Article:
Pu‘u o Lokuana is a short 0.4-mile hike to the top of the grassy cinder cone, Pu‘u o Lokuana. Learn about the formation and various uses of this hill over time and enjoy a breathtaking view of lower Ka‘ū. This hike is offered August 19 and September 3 from 9:30 a.m. to 11 a.m.

Keep up with Kahuku events and visit the calendar on the park website, https://www.nps.gov/havo/planyourvisit/kahuku-hikes.htm, and download the Kahuku Site Bulletin https://www.nps.gov/havo/planyourvisit/upload/2013_11_05-Kahuku-Site-Bulletin.pdf.

Pu‘u Pua‘i Overlook Reopens to Public

The Pu‘u Pua‘i Overlook at Hawaii Volcanoes National Park has reopened after being closed since February to protect breeding nēnē (endangered Hawaiian geese) in the area.

A couple enjoys the newly reopened overlook. NPS Photos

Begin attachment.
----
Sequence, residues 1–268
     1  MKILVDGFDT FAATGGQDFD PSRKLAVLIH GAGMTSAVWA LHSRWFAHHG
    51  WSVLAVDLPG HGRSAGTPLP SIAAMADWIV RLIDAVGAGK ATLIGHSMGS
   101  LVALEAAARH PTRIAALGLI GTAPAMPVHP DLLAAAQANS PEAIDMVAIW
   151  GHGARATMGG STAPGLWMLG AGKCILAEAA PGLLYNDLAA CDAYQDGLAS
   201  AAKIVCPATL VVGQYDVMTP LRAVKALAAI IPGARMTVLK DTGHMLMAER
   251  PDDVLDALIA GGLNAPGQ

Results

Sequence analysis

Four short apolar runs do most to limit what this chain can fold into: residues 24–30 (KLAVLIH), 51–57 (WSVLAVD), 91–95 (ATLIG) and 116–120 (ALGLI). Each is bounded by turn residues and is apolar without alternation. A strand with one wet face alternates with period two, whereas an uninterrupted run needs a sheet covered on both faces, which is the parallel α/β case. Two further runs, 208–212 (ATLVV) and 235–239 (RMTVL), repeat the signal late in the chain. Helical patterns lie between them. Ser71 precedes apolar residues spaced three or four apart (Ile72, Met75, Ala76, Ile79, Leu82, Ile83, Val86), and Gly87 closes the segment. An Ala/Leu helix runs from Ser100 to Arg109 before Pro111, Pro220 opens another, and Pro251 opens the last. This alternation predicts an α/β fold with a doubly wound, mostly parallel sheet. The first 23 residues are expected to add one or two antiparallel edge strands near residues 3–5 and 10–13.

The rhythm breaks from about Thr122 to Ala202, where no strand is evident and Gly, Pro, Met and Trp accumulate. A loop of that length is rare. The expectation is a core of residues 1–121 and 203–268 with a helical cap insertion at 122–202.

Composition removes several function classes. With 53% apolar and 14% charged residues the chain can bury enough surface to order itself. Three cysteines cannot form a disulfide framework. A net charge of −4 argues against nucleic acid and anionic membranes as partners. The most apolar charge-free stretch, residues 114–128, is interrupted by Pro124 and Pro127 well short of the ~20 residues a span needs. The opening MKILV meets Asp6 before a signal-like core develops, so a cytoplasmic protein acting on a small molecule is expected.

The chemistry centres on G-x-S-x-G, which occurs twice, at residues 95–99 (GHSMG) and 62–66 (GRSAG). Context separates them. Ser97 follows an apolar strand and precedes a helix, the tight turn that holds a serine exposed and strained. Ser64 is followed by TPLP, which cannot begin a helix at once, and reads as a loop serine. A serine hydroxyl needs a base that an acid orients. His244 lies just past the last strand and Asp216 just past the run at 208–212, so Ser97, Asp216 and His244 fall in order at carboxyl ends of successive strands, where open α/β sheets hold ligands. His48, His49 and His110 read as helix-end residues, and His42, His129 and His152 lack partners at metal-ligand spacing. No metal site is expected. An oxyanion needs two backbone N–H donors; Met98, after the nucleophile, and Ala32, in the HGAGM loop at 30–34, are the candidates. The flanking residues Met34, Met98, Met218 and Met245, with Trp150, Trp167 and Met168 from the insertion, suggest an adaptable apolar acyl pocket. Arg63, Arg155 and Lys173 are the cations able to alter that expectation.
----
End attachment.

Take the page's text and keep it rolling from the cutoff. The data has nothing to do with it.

During the closure, the nēnē parents successfully raised their single gosling and the family has now moved on to their summer grounds.

It’s been a decade since the last gosling was reared in the vicinity, and that nēnē is the grandfather of this year’s gosling, according to Kathleen Misajon, wildlife biologist at Hawai‘i Volcanoes National Park.

The young nēnē gosling and its parents near Pu‘u Pua‘i ​Overlook on Feb. 6, 2017

“This year’s gosling was the fifth generation of the same nēnē family I’ve monitored over the years. After a 10-year hiatus, it is really exciting to see this female return to a favored family spot,” Misajon said.

In 1952, only 30 nēnē remained statewide.  In the 1970s, Hawai‘i Volcanoes National Park began efforts to save the species from extinction. Today, more than 250 wild birds thrive in the park from sea level to around 8,000 feet. There are more than 2,500 nēnē statewide.

During the closure, the park’s facilities maintenance team made improvements to the popular deck, which overlooks Kīlauea Iki crater and trail. Missing boards were replaced, and the deck was painted prior to the reopening.

Hawai‘i Volcanoes National Park facilities maintenance team repairs Pu‘u Pua‘i Overlook prior to the reopening.